Superheroes have never been more "in" in Hollywood. Every year, it seems like dozens of new superhero television shows and movies are announced, with studios tripping over themselves to pump out more live action comics properties before the superhero fad finally fades. While it might seem like Hollywood's superhero age is only about fifteen or so years old, studios have been producing live action superhero TV shows and movies for well over 70 years. Here are a few modern day live action superheroes compared to their "classic" counterparts:
The Green Hornet started as a radio pulp hero, but the masked vigilante and his faithful valet Kato quickly appeared in both comic and movie adaptations. The first live action Green Hornet movie debuted as a 12 part serial in 1940 starring Gordon Jones as the masked hero. Producers used Al Hodge (the voice of the Green Hornet on radio) to dub over Jones' lines and cast Keye Luke as Kato.
The Green Hornet enjoyed a resurgence of popularity when Bruce Lee starred in a Green Hornet television show in the 1960s (that even crossed over with the 1960s' Batman series). More recently, Columbia Pictures tried a modern take on the Green Hornet in a movie starring Seth Rogen as the title character.
Twenty years before Adam West first donned Batman's tights and cowl, Lewis Wilson played Batman in a 15 part movie serial released in 1943. The 1940s Batman movie featured Batman and Robin (now working for the goverment) tracking down a Japanese spy operating out of Gotham City. The movie notably introduced the Bat Cave to the Batman mythos, and also dramatically changed Alfred's appearance from a portly servant to the significantly thinner and bald servant we recognize today.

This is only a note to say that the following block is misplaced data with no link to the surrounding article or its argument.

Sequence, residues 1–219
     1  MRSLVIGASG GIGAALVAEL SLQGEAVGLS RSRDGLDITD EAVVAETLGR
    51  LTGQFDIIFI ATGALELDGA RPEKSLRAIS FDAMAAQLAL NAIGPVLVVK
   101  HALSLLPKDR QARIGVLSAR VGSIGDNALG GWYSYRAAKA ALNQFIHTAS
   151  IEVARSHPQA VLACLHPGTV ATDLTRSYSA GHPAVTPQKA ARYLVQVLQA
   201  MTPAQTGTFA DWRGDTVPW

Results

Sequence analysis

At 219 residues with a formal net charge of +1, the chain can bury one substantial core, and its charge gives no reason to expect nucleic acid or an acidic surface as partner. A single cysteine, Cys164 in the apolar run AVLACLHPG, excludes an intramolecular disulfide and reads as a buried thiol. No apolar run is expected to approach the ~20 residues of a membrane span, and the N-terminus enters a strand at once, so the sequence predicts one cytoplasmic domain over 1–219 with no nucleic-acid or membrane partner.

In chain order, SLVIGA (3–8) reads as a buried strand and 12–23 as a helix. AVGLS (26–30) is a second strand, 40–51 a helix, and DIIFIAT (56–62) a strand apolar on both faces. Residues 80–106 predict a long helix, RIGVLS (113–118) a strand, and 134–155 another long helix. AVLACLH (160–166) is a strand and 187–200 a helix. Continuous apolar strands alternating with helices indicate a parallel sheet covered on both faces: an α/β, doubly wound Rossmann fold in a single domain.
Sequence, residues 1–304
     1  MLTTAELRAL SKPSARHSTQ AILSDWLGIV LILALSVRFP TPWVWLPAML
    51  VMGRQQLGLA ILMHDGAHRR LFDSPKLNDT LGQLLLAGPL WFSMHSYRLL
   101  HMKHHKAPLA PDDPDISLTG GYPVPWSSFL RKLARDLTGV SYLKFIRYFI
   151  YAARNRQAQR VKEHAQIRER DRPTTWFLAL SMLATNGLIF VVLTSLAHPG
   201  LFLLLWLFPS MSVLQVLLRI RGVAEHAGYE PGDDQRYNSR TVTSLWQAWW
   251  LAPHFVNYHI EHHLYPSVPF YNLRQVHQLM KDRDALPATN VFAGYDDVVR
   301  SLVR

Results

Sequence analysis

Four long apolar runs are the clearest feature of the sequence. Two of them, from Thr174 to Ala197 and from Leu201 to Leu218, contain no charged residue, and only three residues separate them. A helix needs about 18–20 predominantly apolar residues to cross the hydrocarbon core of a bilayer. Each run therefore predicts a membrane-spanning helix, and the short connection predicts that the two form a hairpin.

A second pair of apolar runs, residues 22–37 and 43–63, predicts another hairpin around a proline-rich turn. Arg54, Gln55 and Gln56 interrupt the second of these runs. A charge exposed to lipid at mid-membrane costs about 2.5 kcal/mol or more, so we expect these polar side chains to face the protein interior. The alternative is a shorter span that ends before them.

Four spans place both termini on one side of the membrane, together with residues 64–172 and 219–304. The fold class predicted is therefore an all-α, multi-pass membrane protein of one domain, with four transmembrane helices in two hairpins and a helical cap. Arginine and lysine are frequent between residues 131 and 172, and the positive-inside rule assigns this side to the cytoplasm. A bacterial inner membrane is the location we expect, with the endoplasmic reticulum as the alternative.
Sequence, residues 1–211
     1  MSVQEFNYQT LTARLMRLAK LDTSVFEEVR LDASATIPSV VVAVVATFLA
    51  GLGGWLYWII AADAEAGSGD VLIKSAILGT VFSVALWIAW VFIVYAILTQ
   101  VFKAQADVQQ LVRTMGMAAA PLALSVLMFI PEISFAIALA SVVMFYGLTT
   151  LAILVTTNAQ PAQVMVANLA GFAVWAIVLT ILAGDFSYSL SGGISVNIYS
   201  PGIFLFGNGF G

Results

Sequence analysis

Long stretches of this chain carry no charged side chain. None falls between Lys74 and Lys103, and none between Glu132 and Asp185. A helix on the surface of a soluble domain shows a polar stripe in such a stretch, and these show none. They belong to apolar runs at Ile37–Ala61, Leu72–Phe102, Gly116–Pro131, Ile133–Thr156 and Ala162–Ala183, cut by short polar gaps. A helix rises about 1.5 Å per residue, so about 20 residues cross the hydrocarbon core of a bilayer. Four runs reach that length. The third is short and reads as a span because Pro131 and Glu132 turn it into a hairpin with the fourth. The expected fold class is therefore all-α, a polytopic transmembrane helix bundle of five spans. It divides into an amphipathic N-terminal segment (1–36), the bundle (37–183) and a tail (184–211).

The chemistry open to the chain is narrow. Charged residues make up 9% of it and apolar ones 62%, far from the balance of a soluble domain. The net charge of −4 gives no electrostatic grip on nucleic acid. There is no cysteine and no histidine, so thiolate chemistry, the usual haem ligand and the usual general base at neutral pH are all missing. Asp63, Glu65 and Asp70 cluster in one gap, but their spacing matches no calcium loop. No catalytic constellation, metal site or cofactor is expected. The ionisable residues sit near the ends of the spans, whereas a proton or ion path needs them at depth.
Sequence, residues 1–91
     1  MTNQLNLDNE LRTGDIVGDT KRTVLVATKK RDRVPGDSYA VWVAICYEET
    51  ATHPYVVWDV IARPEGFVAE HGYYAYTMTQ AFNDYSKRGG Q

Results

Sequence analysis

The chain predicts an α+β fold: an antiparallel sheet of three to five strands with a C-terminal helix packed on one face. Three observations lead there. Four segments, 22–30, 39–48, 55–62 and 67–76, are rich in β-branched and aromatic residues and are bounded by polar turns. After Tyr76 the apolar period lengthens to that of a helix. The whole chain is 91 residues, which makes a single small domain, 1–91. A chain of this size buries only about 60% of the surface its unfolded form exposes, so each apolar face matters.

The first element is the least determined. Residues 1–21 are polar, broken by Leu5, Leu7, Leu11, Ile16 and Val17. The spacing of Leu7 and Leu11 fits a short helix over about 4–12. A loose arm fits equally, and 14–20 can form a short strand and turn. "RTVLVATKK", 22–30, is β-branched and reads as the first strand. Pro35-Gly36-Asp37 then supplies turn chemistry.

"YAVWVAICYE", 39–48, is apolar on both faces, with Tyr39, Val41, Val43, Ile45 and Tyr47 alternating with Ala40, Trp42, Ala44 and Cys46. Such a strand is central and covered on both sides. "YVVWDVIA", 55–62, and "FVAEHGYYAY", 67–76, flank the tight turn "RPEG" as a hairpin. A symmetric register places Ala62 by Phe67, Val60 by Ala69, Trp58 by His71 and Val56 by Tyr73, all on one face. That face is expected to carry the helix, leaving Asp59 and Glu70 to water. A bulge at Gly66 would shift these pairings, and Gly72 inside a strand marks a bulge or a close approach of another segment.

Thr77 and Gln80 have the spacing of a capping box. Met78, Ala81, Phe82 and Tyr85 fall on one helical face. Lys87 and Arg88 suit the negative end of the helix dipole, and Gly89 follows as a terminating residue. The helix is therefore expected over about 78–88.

Since then, many actors have played Bruce Wayne and his dark alter ego, including George Clooney, Michael Keaton and Christian Bale. Most recently, Ben Affleck portrayed Batman in Batman V. Superman as a brooding, battered version of the Dark Knight, a radical departure from previous live action versions of the characters.
The Incredible Hulk
When CBS developed a live action Incredible Hulk television series in the 1970s, they couldn't rely on CGI to properly portray the green superheroes abnormal size. So, CBS lathered up bodybuilder Lou Ferrigno with green makeup to play the Hulk and hired Bill Bixby to play his calmer, less muscular alter ego "David Banner".
While Ferrigno was replaced by Mark Ruffalo and CGI animation in the more recent Avengers movies, he still technically plays the Hulk. Marvel Studios combines Ferrigno's voice with Ruffalo's to create the gravelly voice of the Hulk as he smashes his way through the Marvel Cinematic Universe.
The Mighty Thor
The Mighty Thor's first live action appearance was in the 1988 television movie special The Incredible Hulk Returns. Set several years after The Incredible Hulk television series, the movie introduced a slightly different version of the Norse God of Thunder in the first ever live action Marvel crossover. Played by Eric Kramer, Thor was banished to Earth by his father Odin for his arrogance and was forced to serve the mortal Donald Blake.
Thirty years later, Marvel introduced a slightly buffer version of Thor for their cinematic universe. Played by Chris Hemsworth, this Thor was also banished to Earth for his arrogance, but quickly atoned and became one of Earth's mightiest protectors.